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Langemarck German Cemetery

Buried here are two of the German Air Service’s Pour le Merite holders


Langemark German Cemetery. Leutnant Erwin Bohme. Ypres Salient. Flanders
Langemarck German Cemetery. Leutnant Erwin Bohme

Leutnant Erwin Bohme was born in Holzminden on 28 July 1879. Both studious and athletic, he became a champion swimmer, proficient ice skater, and expert skier, as well as an alpinist. After serving his mandated military service in 1899, and earning a civil engineering degree, he moved to Switzerland for three years of mountaineering.


He became interested in Africa. Walking solo, he crossed the Alps southward to Italy; there he took ship for German East Africa. From 1908 to 1914, Böhme completed a six-year employment contract on a timber plantation in Tanganyika where he oversaw construction of the Usambara Railway to export raw cedar timber to the Hubertus Mill in Germany. In July 1914, contract ended, Böhme sailed to Europe for an alpine holiday. He disembarked into World War I. Despite being 35 years old, he immediately returned to his old infantry unit, then trained as a pilot.


After serving in a bomber unit, he was transferred to Germany's first fighter squadron Jagdstaffel 2. During Böhme's combat career, he was a friend and eventual subordinate to Manfred von Richthofen, the Red Baron. He was also friend, subordinate, and wingman to Germany's leading ace of the time, Oswald Boelcke. Böhme was inadvertently responsible for Boelcke's death on 28 October 1916. Although haunted by guilt, Böhme carried on, becoming a 24-victory ace (and a squadron leader). He also found heart for courtship via correspondence.


Erwin Böhme was killed in action on 29 November 1917, a month after his betrothal, while leading his squadron into combat. He died five days after receiving notice that he had won the German Empire's highest award for valour, the Pour le Merite. In 1930, his edited collected letters were published as Letters From a German Fighter Pilot to a Young Maiden.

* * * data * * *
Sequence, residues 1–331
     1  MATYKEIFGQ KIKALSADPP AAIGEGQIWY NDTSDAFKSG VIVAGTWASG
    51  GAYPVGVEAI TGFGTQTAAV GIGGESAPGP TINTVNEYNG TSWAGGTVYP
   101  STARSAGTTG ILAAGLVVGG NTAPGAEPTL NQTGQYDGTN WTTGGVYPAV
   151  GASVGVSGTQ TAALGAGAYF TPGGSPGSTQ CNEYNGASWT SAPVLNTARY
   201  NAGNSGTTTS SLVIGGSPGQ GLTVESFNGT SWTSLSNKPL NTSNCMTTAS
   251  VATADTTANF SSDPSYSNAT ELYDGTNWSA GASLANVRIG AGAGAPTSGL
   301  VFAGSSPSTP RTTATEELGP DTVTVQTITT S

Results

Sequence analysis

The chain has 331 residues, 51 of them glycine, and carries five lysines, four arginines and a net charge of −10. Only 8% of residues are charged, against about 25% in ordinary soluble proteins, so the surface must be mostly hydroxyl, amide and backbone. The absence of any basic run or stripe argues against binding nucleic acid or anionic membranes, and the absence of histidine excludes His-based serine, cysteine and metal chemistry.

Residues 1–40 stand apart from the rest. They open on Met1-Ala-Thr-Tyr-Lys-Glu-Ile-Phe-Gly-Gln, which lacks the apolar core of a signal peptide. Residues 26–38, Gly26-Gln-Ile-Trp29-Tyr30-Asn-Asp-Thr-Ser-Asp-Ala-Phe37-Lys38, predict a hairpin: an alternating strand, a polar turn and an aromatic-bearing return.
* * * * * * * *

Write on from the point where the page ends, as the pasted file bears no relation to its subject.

Langemarck German Cemetery. Werner Voss. Ypres Salient. Flanders
Langemarck German Cemetery. Leutnant Werner Voss

Leutnant Werner Voss - German flying ace credited with 48 aerial victories. A dyer's son from Krefeld, he began his military career in November 1914 as a 17‑year‑old Hussar. After turning to aviation, he proved to be a natural pilot. After flight school and six months in a bomber unit, he joined a newly formed fighter squadron, Jagdstaffel 2 on 21 November 1916. There he befriended Manfred von Richthofen.


By 6 April 1917, Voss had scored 24 victories and awarded Germany's highest award, the Pour le Mérite. A month's leave removed Voss from the battlefield during Bloody April. Soon after Voss returned from leave, he was at odds with his squadron commander. He was detailed from his squadron to evaluate new fighter aircraft and became enthusiastic about the Fokker Triplane. After transferring through three temporary squadron commands in two months, Voss was given command of Jagdstaffel 10 on 30 July 1917 at Richthofen's request. By now, his victory total was 34.


His last combat came on 23 September 1917, just hours after his 48th victory. Flying a silver-blue Fokker Dr.1, he singly fought James McCudden, Keith Muspratt, Harold A. Hamersley, Arthur Rhys-Davids, Robert L. Chidlaw-Roberts, Geoffrey Hilton Bowman, Reginald Hoidge, and Richard Maybery. After he fell in solo opposition to those eight British aces after a dazzling display of aerobatics and gunnery that put bullets in his every opponent, he was described by his preeminent foe, Victoria Cross winner James McCudden, as "the bravest German airman". The pilot who actually killed Voss, Arthur Rhys-Davids, wished he had brought him down alive.

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